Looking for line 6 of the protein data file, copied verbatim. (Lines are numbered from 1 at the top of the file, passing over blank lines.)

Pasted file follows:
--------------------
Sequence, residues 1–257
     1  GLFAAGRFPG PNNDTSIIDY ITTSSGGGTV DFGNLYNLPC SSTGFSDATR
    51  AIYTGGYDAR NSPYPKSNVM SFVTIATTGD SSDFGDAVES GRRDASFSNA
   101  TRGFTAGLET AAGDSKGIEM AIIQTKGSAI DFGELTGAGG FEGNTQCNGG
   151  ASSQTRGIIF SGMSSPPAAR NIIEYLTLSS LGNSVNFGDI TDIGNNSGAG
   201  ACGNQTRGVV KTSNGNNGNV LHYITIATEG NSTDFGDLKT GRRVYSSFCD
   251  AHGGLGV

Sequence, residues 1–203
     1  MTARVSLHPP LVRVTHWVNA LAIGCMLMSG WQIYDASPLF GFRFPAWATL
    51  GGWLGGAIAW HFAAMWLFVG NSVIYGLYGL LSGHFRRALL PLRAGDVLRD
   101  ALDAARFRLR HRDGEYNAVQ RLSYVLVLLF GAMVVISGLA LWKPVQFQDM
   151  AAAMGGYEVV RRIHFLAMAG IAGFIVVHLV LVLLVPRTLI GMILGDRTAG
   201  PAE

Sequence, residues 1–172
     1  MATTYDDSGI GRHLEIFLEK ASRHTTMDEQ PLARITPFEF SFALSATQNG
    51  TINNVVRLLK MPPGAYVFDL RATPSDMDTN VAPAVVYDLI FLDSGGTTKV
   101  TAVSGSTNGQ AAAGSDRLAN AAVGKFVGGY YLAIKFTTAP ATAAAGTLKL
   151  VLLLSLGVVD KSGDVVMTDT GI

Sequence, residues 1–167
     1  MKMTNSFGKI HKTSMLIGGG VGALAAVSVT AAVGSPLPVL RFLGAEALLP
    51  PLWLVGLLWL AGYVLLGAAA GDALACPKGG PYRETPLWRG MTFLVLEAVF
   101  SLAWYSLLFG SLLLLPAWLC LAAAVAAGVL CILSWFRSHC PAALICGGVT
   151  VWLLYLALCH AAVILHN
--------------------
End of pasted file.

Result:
   201  ACGNQTRGVV KTSNGNNGNV LHYITIATEG NSTDFGDLKT GRRVYSSFCD